Where is death's sting, where grave, thy victory?
I triumph still, if Thou abide with me.
Hold Thou Thy cross before my closing eyes ;
Shine through the gloom, and point me to the skies ;
Heaven's morning breaks, and earth’s vain shadows flee;
In life, in death, O Lord ! abide with me.'


FEW months before his death, he took what turned out to be his last journey to Scotland. In his pocket note-book, he

had put down the names and addresses of a long list of friends and acquaintances, and out of these he had the opportunity of visiting or calling upon upwards of a hundred in Edinburgh, Glasgow, Hawick, Kelso, and other places.

About the same time, he attended the meetings of the General Assembly of the Free Church, the Moderator's breakfast, the Female India School meeting, the breakfast of the Friends of Sunday Schools, and three diets of worship in Canonmills Hall. A few days after, he dined with the Governors of Heriot's Hospital, visited in the West Port, the Grassmarket, the Cowgate, the Canongate, and Leith Wynd, and went through Heriot's Hospital, Watson's Hospital, the Merchant Maiden's Hospital, and the Normal School.

As he had sometimes spoken of retiring from London, and taking up his residence in Scotland, he was no doubt seeking materials for the same kind of genial employment in Edinburgh, which he had prosecuted so long, and with so much success, amid the charitable institutions of London.

On his return to London, he resumed his former work with the same vigour and heartiness as before, working with all his might, in season and out of season ; and the multiplicity of his labours may be judged of, when I mention, that the meetings of religious and charitable institutions he was invited to attend, during the last two months of his life, amounted to more than a hundred; while these were his engagements for a single day: Orphan Working School, 7.15; Finance Committee, II; Middlesex Hospital, 12 ; Presbytery Meeting, 3; Foreign Missions, 5; Regent Square Church, 7. On the 5th November, the last Sabbath of his life, he acted as an elder in Regent Square Church ; and while all unpleasant feelings, engendered by the circumstances which suggested the resignation of his office, seemed to have passed from his own mind, his alert movements, and his genial presence, as in the days gone by, were hailed by the congregation at large with unmingled satisfaction and delight.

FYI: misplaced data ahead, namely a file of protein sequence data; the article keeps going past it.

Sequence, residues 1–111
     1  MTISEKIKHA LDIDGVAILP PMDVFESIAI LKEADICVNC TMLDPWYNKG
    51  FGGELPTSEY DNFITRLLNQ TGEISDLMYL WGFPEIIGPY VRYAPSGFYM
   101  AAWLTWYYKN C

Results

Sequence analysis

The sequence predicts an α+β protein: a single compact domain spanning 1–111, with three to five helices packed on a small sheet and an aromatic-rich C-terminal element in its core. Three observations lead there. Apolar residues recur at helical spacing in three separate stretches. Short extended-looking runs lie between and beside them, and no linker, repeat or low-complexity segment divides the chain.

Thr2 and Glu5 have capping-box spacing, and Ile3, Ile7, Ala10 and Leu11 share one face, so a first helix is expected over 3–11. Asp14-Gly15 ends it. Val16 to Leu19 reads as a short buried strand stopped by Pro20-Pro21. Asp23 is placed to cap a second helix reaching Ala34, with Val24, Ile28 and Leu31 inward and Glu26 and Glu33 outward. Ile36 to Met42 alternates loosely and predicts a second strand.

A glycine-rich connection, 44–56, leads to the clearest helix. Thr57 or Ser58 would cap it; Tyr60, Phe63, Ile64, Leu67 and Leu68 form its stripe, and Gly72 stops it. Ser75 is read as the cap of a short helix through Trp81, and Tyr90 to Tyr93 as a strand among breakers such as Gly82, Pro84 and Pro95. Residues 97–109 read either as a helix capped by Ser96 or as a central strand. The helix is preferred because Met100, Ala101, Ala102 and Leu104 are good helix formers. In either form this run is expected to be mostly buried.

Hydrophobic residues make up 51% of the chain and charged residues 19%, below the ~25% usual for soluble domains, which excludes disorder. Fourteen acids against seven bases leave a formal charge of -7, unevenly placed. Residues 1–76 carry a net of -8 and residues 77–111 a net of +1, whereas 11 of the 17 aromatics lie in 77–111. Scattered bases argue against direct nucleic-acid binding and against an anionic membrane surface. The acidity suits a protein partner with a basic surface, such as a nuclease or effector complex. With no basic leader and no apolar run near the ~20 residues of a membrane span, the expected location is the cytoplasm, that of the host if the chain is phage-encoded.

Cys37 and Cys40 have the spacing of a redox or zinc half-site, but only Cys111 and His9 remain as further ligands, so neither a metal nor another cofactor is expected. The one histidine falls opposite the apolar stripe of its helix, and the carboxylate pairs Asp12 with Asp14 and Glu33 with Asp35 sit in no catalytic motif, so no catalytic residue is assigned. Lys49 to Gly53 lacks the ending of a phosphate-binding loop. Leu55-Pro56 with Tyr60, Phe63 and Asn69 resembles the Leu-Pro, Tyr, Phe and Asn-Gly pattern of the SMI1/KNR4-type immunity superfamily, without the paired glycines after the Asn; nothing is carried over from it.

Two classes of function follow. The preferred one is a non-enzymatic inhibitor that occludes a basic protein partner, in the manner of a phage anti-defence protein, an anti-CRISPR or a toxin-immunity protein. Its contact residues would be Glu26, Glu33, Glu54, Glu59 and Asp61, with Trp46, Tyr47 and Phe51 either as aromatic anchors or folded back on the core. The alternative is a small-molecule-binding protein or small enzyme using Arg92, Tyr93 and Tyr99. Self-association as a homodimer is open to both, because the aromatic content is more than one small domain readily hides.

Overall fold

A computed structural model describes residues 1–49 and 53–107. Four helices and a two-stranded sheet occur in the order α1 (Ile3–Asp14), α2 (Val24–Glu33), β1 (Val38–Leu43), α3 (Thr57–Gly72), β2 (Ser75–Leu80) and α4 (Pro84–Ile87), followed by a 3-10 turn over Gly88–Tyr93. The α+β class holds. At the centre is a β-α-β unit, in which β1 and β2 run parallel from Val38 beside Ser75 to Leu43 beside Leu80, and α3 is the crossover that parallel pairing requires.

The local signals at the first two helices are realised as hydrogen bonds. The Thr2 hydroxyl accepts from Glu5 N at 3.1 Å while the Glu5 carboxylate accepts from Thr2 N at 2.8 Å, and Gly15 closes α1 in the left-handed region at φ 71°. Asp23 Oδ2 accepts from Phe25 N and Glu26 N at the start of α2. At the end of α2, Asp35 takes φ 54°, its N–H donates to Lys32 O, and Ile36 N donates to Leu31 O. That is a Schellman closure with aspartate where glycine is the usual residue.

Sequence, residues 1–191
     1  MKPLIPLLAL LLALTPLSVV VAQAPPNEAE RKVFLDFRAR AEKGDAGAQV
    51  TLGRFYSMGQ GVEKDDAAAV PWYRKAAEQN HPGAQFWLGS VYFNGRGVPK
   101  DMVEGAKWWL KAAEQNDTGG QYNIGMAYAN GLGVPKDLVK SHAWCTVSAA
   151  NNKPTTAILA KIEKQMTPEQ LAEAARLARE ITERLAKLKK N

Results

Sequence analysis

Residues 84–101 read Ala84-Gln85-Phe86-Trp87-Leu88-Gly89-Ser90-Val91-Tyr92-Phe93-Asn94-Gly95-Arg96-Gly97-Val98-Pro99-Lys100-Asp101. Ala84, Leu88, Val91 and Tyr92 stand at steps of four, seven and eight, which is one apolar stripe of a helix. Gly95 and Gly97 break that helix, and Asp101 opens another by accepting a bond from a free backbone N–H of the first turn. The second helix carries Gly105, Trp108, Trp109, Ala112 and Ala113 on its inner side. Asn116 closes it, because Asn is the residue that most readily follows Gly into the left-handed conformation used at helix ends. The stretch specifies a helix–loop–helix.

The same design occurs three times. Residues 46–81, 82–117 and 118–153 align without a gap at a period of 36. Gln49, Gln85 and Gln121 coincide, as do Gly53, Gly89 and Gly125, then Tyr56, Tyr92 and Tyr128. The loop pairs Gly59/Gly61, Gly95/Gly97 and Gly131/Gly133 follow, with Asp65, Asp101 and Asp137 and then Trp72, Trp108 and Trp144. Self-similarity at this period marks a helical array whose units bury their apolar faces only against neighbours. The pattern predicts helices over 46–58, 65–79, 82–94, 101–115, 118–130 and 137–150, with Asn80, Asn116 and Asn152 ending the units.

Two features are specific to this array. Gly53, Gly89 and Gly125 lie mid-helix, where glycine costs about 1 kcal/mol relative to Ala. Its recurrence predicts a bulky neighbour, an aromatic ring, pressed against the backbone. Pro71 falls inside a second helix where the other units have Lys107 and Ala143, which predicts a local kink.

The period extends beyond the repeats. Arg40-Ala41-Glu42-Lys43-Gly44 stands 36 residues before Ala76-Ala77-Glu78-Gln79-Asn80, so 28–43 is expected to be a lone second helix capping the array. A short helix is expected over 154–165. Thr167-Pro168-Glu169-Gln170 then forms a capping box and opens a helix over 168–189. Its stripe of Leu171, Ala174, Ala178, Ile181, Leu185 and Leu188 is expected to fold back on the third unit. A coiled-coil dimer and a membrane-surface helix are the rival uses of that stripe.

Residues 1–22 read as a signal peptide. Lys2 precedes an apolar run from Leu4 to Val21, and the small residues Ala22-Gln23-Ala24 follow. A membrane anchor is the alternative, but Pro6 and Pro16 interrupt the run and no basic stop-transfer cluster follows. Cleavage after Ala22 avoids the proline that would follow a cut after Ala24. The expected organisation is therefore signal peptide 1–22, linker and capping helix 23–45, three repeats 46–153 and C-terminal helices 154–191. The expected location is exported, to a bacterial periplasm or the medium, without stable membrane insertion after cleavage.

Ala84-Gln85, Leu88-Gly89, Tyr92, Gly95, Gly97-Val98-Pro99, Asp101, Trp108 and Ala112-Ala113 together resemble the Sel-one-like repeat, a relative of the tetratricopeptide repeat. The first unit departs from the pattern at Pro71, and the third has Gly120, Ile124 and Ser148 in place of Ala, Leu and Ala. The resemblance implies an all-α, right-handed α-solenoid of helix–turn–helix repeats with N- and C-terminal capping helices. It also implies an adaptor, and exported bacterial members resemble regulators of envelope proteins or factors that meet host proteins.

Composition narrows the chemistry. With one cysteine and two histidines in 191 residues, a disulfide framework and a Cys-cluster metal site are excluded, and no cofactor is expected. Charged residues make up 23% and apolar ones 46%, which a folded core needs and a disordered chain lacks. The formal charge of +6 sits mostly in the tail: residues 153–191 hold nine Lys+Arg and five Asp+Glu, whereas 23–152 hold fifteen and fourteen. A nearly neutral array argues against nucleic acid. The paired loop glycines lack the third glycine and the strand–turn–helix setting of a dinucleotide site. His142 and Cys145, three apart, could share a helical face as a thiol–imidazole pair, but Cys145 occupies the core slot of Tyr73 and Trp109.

"Come, labour on !
Who dares stand idle on the harvest plain,
While all around him waves the golden grain ?
And to each servant does the Master say,
“Go work to-day.”

Come, labour on!
Claim the high calling angels cannot share,
To young and old the gospel gladness bear;
Redeem the time—its hours too swiftly fly-
The night draws nigh.

Come, labour on!
No time for rest, till glows the western sky,
While the long shadows o'er our pathway lie,
And a glad sound comes with the setting sun,
Servants, well done!'

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“He shall enter into peace: they shall rest in their beds, each

one walking in his uprightness.'—ISA. LVII. 2.

I can

N a letter which he wrote to me not very long before his removal, he says

• It is comfortable to know that our

best Friend liveth. I have much difficulty in realizing the near approach of death, although I am now beginning to stand almost alone. write and moralize about it ; but, in good earnest, to look it in the face is far different. May the Lord prepare me for whatever is His will, and then, come life or death, it shall be well.'

Moreover, in looking forward to the final change, I believe he was not free from a feeling of anxiety and alarm : a feeling which arose not so much from any doubt as to his personal interest in the great salvation, but from a constitutional repugnancy to the weakness, and the wasting, and the agony which are so often attendant on the breaking down of the mortal tabernacle. And to a man of such active habits, and of so much energy of character, I cannot help thinking, that a season of severe and protracted sickness could scarcely have been appointed to him without greatly marring his comfort, and pressing very heavily upon his heart; while the spectacle of growing infirmities, or of agonizing sufferings, had been no less trying to those around him than to himself.

But from all this he was mercifully delivered. He fell, like a good soldier of Christ, with his armour on, in the very field where, all his life long, he had been right heartily engaged in his Master's service, and without any of the accompaniments that were fitted to try his patience or his faith. On Tuesday the 7th of November, he went as usual before breakfast to the Orphan Working School at Haverstock Hill, and in walking rapidly up the avenue he complained of pain about the region of the heart. But he went through the business in hand, and afterwards attended a committee meeting in the city, when he came home, and having partaken of a little refreshment, he went to bed. As a precautionary measure, Dr. Stewart, his medical adviser, was sent for, but neither he nor any of the family were apprehensive as to the issue, he himself

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